Meet Ever, Jane. One look at this opening screen and you can probably tell Jane Austen is not really my cup of tea. Jane's time was a time when women got what they needed by saying the right things to the right people.
I'm in trouble before I start. I don't mind getting in a little trouble :)
If the Ever, Jane Kickstarter is successful it will be developed and ready for the public in Jan 2016. If the kickstarter is successful and you pledge $10 or more, you'll be able to play while the game is being developed. If games based on romance novels are an idea you think deserves support, donate. It costs no more than a good e-book and playing around inside a beta project is a ton of fun.
I'm more into pirates than gowns and parties. I suspect my first choices when I downloaded the game will get me in trouble.
Near as I can tell, the goal is to develop your character's personality. Authors might find it a good lesson in the motivations and behavior of characters. I had to choose one trait I wanted to work on and one that I was willing to sacrifice to build my chosen trait. I said I wanted to work on being happy and I was willing to sacrifice reputation.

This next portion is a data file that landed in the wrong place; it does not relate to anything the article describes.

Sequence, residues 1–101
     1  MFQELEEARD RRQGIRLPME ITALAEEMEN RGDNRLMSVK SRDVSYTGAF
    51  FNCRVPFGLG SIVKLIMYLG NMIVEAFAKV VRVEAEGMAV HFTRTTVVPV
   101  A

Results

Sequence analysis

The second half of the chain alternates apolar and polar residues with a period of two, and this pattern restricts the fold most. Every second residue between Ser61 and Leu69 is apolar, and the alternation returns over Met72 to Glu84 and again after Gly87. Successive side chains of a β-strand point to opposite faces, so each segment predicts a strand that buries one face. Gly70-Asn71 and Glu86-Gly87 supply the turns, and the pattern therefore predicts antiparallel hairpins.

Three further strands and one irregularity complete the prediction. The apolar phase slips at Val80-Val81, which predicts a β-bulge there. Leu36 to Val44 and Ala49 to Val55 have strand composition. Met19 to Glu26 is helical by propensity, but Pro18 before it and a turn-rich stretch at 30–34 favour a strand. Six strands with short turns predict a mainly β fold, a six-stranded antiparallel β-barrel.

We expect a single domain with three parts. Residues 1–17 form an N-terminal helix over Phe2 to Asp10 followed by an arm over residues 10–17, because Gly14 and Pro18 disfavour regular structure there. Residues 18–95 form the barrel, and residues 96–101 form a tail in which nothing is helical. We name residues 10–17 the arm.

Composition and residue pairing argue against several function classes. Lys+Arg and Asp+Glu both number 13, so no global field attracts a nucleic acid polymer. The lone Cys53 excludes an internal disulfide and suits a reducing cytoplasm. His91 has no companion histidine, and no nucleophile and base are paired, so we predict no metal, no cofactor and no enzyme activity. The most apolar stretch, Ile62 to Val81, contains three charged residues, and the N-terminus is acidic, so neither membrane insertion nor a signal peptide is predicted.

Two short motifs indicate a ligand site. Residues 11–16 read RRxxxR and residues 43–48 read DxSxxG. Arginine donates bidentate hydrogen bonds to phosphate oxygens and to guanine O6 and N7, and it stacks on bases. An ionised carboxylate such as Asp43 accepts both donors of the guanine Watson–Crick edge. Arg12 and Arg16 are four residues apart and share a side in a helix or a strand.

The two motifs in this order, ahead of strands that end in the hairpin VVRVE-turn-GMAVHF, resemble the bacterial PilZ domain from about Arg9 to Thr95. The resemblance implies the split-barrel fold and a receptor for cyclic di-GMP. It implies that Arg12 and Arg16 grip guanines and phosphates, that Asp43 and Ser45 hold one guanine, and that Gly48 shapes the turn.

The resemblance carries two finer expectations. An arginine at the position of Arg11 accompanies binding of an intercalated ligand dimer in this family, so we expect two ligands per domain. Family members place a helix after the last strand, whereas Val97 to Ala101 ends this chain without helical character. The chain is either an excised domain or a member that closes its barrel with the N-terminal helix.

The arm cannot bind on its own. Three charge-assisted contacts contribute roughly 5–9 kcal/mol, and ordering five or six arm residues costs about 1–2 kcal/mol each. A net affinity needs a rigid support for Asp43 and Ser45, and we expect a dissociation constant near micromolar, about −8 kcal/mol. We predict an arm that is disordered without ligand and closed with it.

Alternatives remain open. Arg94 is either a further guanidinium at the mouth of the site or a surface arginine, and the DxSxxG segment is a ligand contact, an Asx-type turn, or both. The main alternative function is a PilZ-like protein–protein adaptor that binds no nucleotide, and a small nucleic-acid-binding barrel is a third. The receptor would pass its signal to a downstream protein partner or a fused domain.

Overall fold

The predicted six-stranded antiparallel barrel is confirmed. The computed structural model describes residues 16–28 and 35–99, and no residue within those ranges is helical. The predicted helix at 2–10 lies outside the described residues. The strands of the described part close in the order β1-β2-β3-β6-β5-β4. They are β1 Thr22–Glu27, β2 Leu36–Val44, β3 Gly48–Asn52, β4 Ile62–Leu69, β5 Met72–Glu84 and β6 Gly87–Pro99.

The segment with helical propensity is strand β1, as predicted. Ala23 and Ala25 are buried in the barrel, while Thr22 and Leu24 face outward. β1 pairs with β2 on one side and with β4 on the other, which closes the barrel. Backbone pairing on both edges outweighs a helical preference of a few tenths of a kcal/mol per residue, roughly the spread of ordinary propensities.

No snickering. I view this as research, not a life philosophy.
The game is rather easy to get the hang of. I was a little frustrated at first, having gotten used to navigating virtual worlds as an avatar, these games that don't show character bodies leave me feeling agitated. Basically you use arrow keys to move around and you use the mouse to change your view. There is a tutorial walking you through the first scene, explaining how to do things and telling you what to look for or click.
So I went to the fabric shop as the letter instructed. There was an interesting fellow standing by the door.
I traded something for lace. I didn't have any money so I am not sure what I traded. Last time I looked all I had in my inventory was a letter. Now see, this is how an innocent errand to help out an old lady can get a girl in trouble ;-)
I'm going to have to keep playing Ever, Jane to see what happens to poor Nara Mistwood.
Which brings us to my point--when you coax someone to interact with your story world and the characters therein, you create emotional connections. You start them on a path that needs completion. They want to know your character's story. The ways that story will be delivered are rapidly changing.
Experiments like Dear Esther, Ever Jane, and the ones going on at the Greyville Writer's Colony move us forward in the evolution of storytelling. I can't wait to see what comes next.
You can learn more about Nara Malone and her books at NaraMalone.com